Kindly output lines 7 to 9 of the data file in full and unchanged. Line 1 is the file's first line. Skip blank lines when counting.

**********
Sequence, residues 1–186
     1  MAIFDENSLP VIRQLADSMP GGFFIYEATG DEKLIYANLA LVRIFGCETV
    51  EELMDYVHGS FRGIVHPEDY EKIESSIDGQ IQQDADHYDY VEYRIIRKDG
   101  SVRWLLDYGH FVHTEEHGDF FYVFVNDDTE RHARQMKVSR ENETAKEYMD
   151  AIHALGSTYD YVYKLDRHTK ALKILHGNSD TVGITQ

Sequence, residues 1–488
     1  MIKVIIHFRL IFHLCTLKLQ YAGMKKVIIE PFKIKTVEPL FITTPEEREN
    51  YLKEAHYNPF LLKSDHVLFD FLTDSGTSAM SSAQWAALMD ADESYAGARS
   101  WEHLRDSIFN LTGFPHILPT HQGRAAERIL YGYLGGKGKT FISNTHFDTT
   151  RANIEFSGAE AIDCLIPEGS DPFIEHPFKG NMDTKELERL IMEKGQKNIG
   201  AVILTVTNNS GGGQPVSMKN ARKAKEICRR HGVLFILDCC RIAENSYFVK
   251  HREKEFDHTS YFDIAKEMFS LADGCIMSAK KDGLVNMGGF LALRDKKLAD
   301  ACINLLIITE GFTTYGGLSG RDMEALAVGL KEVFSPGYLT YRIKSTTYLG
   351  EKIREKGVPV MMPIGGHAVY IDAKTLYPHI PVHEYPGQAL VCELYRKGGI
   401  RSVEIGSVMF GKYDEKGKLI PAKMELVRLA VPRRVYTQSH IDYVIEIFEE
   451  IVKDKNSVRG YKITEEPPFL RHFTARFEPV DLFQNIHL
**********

     1  MIKVIIHFRL IFHLCTLKLQ YAGMKKVIIE PFKIKTVEPL FITTPEEREN
    51  YLKEAHYNPF LLKSDHVLFD FLTDSGTSAM SSAQWAALMD ADESYAGARS
   101  WEHLRDSIFN LTGFPHILPT HQGRAAERIL YGYLGGKGKT FISNTHFDTT